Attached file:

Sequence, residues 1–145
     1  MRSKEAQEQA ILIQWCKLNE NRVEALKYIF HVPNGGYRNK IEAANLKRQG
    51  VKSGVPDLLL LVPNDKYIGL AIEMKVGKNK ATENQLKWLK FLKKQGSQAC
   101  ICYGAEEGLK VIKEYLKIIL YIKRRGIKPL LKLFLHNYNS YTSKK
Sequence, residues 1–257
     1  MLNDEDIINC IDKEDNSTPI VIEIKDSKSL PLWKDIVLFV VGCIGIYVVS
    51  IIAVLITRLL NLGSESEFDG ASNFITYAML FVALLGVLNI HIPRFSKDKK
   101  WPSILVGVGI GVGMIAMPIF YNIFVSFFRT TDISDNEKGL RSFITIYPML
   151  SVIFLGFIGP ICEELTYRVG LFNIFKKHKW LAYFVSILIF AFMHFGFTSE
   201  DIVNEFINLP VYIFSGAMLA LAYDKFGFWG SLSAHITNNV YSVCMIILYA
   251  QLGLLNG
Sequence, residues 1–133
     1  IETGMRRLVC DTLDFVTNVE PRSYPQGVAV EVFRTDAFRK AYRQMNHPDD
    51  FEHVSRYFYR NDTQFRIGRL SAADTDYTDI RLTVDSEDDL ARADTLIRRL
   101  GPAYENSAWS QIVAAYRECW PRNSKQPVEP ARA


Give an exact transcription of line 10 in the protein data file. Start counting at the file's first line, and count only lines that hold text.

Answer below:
   201  DIVNEFINLP VYIFSGAMLA LAYDKFGFWG SLSAHITNNV YSVCMIILYA